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Car-sharing services changing how people get around

When you rent a car on vacation, would you borrow a stranger's car? The car rental industry is betting some people might.

To compete with the rise of new startups that let strangers share their cars, Hertz and Enterprise started new car-sharing services that let members reserve, drive and return fleet vehicles via phone or Internet and then unlock and drive them using RFID cards.

"Rental car companies are realizing that their model is very dead. Why would you want to deal with the hassle of rentals?" says Rachel Botsman, author of "What's Mine is Yours: The Rise of Collaborative Consumption," and a partner in the Collaborative Fund, a venture fund in New York. People can now rent a car without checking in at a counter, talking to a salesperson and dealing with numerous hidden costs and fees, she says.

Witness the growing momentum for car sharing: Zipcar, which offers daily and hourly rentals of its fleet of vehicles scattered on city streets, is preparing to go public. Google Ventures invested more than $2 million in RelayRides.com, a San Francisco startup that lets people share their personal cars with strangers, while competitor Getaround.com added 1,600 cars in one day at the TechCrunch Disrupt conference in New York City.

More startups are following suit: there’s JollyWheels in New York, Go-op in Pittsburgh and SprideShare in San Francisco. Car manufacturers, including BMW, Volkswagen and DaimlerChrysler, have also started car-sharing services.

Botsman says the Internet is driving a shift in consumer behavior and a resurgence of community. “It’s all being driven by efficiency and trust in strangers.”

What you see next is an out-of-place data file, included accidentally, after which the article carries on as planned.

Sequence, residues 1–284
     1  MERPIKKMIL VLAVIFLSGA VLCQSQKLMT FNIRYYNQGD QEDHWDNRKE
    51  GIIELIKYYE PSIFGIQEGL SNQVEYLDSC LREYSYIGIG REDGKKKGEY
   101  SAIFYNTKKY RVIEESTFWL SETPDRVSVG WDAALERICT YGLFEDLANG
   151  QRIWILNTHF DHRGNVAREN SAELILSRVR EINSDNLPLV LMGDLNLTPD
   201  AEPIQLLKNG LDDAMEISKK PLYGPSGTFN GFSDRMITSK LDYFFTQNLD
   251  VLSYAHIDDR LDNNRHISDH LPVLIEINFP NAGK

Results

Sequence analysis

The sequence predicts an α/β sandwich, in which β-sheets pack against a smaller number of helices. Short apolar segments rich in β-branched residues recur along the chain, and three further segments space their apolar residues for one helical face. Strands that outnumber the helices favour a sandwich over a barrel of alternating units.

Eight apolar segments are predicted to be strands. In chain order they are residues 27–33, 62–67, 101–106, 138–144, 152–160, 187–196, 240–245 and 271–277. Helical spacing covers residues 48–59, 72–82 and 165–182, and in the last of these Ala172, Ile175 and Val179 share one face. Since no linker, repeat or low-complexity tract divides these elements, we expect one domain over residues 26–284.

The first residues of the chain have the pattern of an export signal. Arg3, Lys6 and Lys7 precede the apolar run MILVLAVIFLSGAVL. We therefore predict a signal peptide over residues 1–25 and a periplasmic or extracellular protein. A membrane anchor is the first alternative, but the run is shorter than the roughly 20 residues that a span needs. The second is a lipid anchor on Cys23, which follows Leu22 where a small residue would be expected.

While RelayRides has not yet seen big demand from out-of-town visitors for its 150 cars available in Boston and San Francisco, that could easily change in the future, says the company’s founder and Chief Community Officer Shelby Clark. There are many people who may have cars at mountain homes or other vacation destination spots, and they can earn an average of $250 a month by renting it through RelayRides. “As it becomes ubiquitous, it could have an impact on traditional car rentals,” he says.

Instead of taking a shuttle to a car rental counter, filling out forms, paying extra fees and hunting for a car among hundreds, people could easily use public transportation for most of their trip and then borrow a stranger’s car in the city for one or two extended day trips for a flat fee of $60 per day. That RelayRides rental price includes 160 miles of driving, gas and insurance. The cars offered are also high-end rides: Think Mercedes, Audis and Mini Coopers.

 “Car sharing is a much more liberating experience,” says Clark. “It’s on-demand, cheaper and more convenient.”

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